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Bodies of slain foreign aid workers taken out of Gaza

By AFP

April 3, 2024 10:55 PM


The bodies of six foreign aid workers killed in an Israeli strike were on Wednesday taken out of Gaza to Egypt for repatriation, a security source said, as Israel faced a chorus of outrage over their deaths.

The Israeli military killed seven staff of the US-based food charity World Central Kitchen on Monday in an attack that UN chief Antonio Guterres labelled "unconscionable" and "an inevitable result of the way the war is being conducted".

The remains of the six international staff, who were killed alongside one Palestinian colleague, were taken in ambulances to the Rafah crossing to Egypt, where they were handed over to representatives of their respective countries, the security source said on condition of anonymity.

Israel's armed forces chief Herzi Halevi called the attack a "grave mistake", which he blamed on night-time "misidentification", adding in a video message that "we are sorry for the unintentional harm to the members of WCK".

Israeli Prime Minister Benjamin Netanyahu pledged the "tragic case" would be investigated "right to the end", and President Isaac Herzog expressed his "deep sorrow and sincere apologies".

The seven deaths piled more pressure on Israel, whose war since the Hamas attack of October 7 has brought devastation and mass civilian casualties to Gaza, where the UN warns the population of 2.4 million is on the brink of famine.

US President Joe Biden said he was "outraged and heartbroken" by the deaths and charged that Israel "has not done enough to protect aid workers trying to deliver desperately needed help to civilians".

  'Anger and concern' 

 Australian Prime Minister Anthony Albanese said he had voiced his "anger and concern" to Netanyahu, while Britain summoned the Israeli ambassador and demanded "full accountability".

Polish Prime Minister Donald Tusk wrote on X to Netanyahu and Israel's ambassador, saying the deaths were straining ties and that "the tragic attack against volunteers and your reaction are generating an understandable anger".

Pope Francis also voiced "deep sorrow" and renewed his appeal for access to aid for the "exhausted and suffering civilian population" of Gaza, and for the release of the hostages taken by Hamas.

The charity said it was mourning the loss of its seven "heroes" and "beautiful souls".

It said they had been killed in a "targeted attack" that was launched despite the group having coordinated its movements with Israeli forces.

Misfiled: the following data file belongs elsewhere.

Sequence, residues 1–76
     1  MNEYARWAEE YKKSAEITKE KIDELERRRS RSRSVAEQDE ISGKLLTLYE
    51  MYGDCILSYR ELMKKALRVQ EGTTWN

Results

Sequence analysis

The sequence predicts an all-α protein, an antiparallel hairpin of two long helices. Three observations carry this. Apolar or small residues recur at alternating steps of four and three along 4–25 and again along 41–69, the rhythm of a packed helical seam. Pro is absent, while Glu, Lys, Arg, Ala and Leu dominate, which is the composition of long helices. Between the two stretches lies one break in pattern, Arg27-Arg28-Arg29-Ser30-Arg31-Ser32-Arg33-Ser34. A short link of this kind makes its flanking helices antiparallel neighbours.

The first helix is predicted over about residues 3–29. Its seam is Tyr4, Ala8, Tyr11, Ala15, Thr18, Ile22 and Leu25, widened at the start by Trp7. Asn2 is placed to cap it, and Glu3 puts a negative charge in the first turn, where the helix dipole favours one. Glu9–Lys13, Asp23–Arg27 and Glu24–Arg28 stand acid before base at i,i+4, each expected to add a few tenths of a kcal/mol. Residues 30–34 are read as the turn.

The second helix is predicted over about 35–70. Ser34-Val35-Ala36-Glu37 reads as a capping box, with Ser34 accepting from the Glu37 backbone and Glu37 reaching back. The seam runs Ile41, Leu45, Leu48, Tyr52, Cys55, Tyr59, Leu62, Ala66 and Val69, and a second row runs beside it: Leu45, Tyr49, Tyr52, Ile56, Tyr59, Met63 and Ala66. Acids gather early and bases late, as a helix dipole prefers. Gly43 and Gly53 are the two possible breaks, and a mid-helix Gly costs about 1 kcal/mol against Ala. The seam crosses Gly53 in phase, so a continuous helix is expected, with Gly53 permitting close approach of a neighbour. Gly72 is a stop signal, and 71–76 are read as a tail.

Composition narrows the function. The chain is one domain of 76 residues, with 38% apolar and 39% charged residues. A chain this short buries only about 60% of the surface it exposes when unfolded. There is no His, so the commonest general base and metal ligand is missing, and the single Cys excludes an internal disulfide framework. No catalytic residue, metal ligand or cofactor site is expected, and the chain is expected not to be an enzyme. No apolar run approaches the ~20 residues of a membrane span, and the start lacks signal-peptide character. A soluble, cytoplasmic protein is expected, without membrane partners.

It named those killed as Palestinian Saifeddin Issam Ayad Abutaha, 25; Australian Lalzawmi (Zomi) Frankcom, 43; Britons John Chapman, 57, James (Jim) Henderson, 33, and James Kirby, 47; Pole Damian Sobol, 35; and US-Canadian Jacob Flickinger, 33.

After their deaths, the charity suspended operations and a ship that had carried food aid from Cyprus to Gaza turned back towards the Mediterranean island with around 240 tons of supplies that had not been unloaded.

Jordan, to help ease the dire shortages in Gaza somewhat, said it had airdropped more food, joined by three US planes and one aircraft each from Egypt, Germany and the United Arab Emirates.

 Mass protests 

 The bloodiest-ever Gaza war erupted with Hamas's October 7 attack, which resulted in about 1,160 deaths in Israel, mostly civilians, according to an AFP tally based on Israeli official figures.

Israel's retaliatory campaign has killed at least 32,975 people, mostly women and children, according to the health ministry in Hamas-run Gaza.

The army said its forces had "killed and apprehended several terrorists" in fighting near the Al-Amal Hospital in the southern city of Khan Yunis, where they had also located numerous weapons.

Palestinian militants also seized around 250 hostages on October 7. Israel believes about 130 remain in Gaza, including 34 who are presumed dead.

Talks for a ceasefire and hostage release deal have stalled, with Hamas chief Ismail Haniyeh accusing Israel of procrastinating.

The families of the captives have staged four straight nights of mass protests, joined by a resurgent anti-government movement.

Thousands gathered in front of parliament Tuesday, with former prime minister Ehud Barak blaming Netanyahu for the October 7 "disaster" and demanding new elections.

The UN Human Rights Council will on Friday consider a draft resolution calling for an arms embargo on Israel, citing the "plausible risk of genocide in Gaza".

The draft "condemns the use of explosive weapons with wide area effects by Israel in populated areas in Gaza" and of "the use of starvation of civilians as a method of warfare".

47 countries are serving on the Human Rights Council -- among them 18 states that brought forward the draft resolution. Twenty-four votes are needed for an outright majority, or possibly fewer if there are abstentions.

Israel has long accused the Human Rights Council of being biased against it.


AFP


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